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Re: An effect I've been working on
I'd like to ask Mr. Faria to clarify a few details of his interesting
Regis Rossi A. Faria wrote [control character garbage edited out!]:
> The wavelet approach has several advantages over normal Fourier filtering
> since its filters have local support both in time and frequency, making it
> easy to locate transients on some frequency bands.
When you say "normal Fourier filtering" I assume you mean (1) a method such as
the Phase Vocoder, where filters are typically allocated one-per-harmonic
of an estimated fundamental, but not (2) a method such as McCauley&Quatieri
where an arbitrary number of filters are allocated dynamically according to
the signal. Is that true?
Transients consist of non-harmonic information, and method (1) smears
non-harmonic information over several bands. Then is what you are
saying that wavelets more accurately assigns them to appropriate
> Another advantage
> of wavelet filtering is its property of separating bands with quality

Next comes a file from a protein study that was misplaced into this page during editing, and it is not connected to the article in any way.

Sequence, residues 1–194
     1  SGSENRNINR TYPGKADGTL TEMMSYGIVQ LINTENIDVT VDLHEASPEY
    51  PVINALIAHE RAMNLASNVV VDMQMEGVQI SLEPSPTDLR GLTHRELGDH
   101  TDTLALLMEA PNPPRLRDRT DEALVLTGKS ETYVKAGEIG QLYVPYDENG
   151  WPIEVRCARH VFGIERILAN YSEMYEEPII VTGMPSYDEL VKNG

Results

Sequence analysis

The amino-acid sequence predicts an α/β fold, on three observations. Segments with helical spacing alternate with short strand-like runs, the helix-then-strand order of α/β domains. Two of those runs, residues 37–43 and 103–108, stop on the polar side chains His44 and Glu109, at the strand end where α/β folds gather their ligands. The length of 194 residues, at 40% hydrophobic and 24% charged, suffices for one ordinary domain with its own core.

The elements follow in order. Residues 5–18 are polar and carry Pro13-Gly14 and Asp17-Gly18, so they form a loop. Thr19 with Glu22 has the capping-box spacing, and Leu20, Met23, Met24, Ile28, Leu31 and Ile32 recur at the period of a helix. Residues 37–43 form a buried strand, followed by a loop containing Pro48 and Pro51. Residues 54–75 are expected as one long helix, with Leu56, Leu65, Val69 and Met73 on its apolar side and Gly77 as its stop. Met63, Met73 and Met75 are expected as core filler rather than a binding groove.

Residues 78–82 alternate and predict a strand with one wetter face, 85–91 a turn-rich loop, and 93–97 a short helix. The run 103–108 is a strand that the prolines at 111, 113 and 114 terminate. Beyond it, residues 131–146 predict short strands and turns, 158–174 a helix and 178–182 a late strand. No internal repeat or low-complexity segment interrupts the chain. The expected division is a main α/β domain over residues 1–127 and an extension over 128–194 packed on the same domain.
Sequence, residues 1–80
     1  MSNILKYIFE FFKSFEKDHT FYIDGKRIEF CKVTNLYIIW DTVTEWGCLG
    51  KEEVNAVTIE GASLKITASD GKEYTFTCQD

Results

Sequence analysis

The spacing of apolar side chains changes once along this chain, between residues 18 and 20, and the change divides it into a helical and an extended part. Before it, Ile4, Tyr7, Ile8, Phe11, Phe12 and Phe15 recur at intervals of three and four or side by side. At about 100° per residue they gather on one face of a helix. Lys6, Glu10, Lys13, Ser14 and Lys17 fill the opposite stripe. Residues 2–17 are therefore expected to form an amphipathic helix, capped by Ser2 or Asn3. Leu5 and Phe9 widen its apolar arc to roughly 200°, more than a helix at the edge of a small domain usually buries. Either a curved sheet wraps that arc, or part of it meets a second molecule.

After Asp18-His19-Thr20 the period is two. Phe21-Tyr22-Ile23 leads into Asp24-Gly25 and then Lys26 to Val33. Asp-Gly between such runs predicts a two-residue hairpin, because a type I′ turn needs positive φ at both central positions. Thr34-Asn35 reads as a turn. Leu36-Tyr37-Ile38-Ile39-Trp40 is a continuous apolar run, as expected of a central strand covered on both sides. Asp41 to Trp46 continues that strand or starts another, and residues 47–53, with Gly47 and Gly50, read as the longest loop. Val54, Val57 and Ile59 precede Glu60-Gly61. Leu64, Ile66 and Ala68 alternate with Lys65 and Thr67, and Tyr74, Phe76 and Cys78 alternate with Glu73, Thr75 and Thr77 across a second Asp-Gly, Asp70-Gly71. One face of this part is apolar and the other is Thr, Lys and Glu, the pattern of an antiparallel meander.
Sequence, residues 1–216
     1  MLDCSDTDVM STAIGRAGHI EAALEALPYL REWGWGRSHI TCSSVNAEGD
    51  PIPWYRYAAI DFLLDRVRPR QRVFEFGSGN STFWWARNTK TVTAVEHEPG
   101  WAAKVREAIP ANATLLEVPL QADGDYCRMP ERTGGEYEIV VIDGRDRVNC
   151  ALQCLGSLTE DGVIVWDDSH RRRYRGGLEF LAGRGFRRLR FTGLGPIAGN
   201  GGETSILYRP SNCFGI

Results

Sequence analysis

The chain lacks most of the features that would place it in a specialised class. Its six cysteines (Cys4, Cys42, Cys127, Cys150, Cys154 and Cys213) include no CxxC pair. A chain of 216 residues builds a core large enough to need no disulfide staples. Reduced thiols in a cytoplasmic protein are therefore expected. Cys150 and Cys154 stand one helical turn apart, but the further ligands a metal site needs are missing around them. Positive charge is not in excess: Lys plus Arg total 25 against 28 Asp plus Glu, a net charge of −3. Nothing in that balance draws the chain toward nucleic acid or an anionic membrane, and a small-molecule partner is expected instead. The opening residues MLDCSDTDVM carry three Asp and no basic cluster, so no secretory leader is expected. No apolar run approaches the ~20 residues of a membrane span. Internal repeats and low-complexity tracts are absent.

> factor (Q) constant over the frequency axis, in a way the basilar membrane
> the inner ear also resolves frequency bands. This property makes wavelets
> closer to ear's acoustic pre-processing, on stages before neural
Is the nature of the advantage that (1) a person examining wavelet
analysis output is observing "how the ear experiences the sound", or (2)
the method is more economical by ignoring detail that goes beyond
the resolving properties of the ear, or (3) both?
> (1) the result of mixing the original tone with a reconstruction of the sound
> from its wavelet coefficients (obtained in the forward transform) taking only
> the coefficients in level n and "clamping" other coefficients (from all other
> levels) to zero value (this is reconstructing only the level n and mixing it
> to the original sound).
Can you clarify what "in level n" means? Do you mean "only those
coefficients whose value is n or greater?
Gregory J. Sandell, Research Associate, firstname.lastname@example.org
Parmly Hearing Institute, Loyola University Chicago
6525 N. Sheridan Chicago IL 60626 USA voice:773-508-3976 FAX:773-508-2719